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Aquilegia

 

Columbine

KingdomPlantaePlants, but not fungi, lichens, or algae (from Stearn’s Botanical Latin)
SubkingdomTracheobiontaVascular plants—plants with a “circulatory system” for delivering water and nutrients
DivisionMagnoliophytaFlowering plants, also known as angiosperms
ClassMagnoliopsidaDicotyledons—plants with two initial seed leaves
SubclassMagnoliidaeIncludes magnolias, nutmeg, bay laurel, cinnamon, avocado, black pepper, and many others
OrderRanunculalesBasal (evolved earlier) eudicots, also called “true dicots”
FamilyRanunculaceaeButtercup family
GenusAquilegiaFrom Latin aquila, or “eagle,” for the flower’s resemblence to an eagle’s claw

About plant names...

Aquilegia is the genus containing columbines, of which there are about 70 naturally occurring species. Aquila, Italian for “eagle,” refers to the talon-shaped spurs on the flower petals. Columbines are members of the Ranunculaceae, or buttercup, family.

Online References:

Aquilegia on Wikipedia

Aquilegia on the USDA Plants Database

Columbines are popular among gardeners, and there are many cultivars available.

 

Aquilegia (Columbine)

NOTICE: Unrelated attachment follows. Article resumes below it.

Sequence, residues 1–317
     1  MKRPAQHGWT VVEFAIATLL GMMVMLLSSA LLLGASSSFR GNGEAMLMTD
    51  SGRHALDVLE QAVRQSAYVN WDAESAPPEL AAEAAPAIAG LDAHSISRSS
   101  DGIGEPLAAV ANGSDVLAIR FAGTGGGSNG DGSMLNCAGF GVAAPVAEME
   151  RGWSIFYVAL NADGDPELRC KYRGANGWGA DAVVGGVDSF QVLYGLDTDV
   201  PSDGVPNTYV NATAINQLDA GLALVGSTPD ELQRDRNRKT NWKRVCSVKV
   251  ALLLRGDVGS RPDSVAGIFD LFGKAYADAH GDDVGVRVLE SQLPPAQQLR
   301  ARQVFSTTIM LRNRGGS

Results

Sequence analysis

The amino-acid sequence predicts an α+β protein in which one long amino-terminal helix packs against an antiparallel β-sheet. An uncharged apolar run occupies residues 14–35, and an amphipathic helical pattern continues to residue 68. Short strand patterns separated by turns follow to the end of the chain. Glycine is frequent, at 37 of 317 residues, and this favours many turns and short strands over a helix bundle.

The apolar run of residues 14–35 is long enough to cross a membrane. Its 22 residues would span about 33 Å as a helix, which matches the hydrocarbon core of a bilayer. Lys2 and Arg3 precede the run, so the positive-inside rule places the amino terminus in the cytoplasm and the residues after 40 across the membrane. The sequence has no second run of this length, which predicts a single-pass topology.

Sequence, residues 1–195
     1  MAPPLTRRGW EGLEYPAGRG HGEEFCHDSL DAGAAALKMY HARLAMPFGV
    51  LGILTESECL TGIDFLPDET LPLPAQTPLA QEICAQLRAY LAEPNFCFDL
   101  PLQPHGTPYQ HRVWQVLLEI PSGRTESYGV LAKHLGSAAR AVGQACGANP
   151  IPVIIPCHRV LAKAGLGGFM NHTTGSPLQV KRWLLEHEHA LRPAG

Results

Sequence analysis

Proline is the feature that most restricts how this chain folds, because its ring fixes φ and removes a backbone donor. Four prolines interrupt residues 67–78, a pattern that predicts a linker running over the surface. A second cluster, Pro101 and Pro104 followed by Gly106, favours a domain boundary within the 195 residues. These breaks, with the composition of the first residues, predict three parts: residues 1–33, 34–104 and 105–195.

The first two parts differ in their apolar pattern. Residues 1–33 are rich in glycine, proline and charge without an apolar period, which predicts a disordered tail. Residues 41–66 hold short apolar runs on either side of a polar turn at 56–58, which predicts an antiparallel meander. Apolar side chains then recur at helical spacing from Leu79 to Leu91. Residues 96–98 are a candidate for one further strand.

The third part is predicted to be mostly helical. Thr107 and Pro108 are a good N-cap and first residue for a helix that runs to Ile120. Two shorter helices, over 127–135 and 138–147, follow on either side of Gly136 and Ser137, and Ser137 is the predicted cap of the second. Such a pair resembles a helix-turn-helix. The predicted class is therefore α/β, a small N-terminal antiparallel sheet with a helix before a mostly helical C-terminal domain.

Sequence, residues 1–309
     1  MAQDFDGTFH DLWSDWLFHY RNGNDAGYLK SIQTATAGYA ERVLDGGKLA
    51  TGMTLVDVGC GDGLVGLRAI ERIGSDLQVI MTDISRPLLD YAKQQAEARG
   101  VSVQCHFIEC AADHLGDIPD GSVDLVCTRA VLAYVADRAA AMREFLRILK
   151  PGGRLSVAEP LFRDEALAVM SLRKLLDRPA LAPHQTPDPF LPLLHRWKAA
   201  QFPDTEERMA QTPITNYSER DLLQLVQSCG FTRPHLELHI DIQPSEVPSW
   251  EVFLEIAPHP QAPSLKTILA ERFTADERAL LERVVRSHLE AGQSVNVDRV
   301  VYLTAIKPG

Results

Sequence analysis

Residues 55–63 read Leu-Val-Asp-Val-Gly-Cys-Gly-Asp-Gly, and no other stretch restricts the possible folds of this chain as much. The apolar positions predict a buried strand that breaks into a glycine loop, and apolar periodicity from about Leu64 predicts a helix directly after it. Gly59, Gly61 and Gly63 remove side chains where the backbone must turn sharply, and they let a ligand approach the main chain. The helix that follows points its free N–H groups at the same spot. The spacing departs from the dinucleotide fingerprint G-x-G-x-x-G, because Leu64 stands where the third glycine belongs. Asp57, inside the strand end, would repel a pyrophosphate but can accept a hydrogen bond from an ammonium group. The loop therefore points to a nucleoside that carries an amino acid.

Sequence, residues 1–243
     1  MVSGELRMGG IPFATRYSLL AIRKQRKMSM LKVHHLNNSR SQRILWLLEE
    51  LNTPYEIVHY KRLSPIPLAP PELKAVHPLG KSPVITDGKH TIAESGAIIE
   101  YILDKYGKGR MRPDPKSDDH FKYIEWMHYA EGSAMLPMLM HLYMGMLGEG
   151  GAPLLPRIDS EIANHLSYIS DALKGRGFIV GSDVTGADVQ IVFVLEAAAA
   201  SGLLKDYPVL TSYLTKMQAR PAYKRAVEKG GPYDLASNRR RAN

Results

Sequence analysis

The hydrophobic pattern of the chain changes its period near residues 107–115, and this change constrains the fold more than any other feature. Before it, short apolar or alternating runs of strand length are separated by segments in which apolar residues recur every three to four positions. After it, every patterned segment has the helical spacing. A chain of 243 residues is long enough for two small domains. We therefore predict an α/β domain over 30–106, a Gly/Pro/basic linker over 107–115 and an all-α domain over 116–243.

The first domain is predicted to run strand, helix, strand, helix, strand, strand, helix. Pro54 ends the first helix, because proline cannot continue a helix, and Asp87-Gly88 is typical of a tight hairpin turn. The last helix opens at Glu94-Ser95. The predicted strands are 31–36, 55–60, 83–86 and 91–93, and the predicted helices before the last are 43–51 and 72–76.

Columbine (Aquilegia) · Natural hybrids? · 6/2/2009 · Zion National Park, UT
≈ 1¾ × 2½" (4.8 × 6.5 cm) Species not yet identified

Some members of Aquilegia:

 
Aquilegia alpina

Aquilegia canadensis

Aquilegia chrysantha var. chrysantha
Common Name

Alpine Columbine

Red Columbine

Golden Columbine
Plant   Plants are 12-30" (30-76 cm) high, with red to green stems.  
Flowers

 

By Juan José Sánchez, taken at Lac Forchou, Belledone, Isere, Francia.

 

Light pink to deep red, with yellow. 1½-2" (3.8-5 cm) long. With five spurs on the back.

 

Yellow flowers 2-3" (5-7.6 cm) long
Leaves   Divided into progressively smaller groups of three, up to 3" (7.6 cm) long.  
Range/ Zones

USDA Zones: 4a-7b

USDA Zones: 3-8

Habitats   Rocky ledges, rocky slopes, low woods, bogs, meadows.  
Type Wild Wild Wild

 

 

Aquilegia description by Thomas H. Kent, last updated 16 Aug 2013.

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Range:

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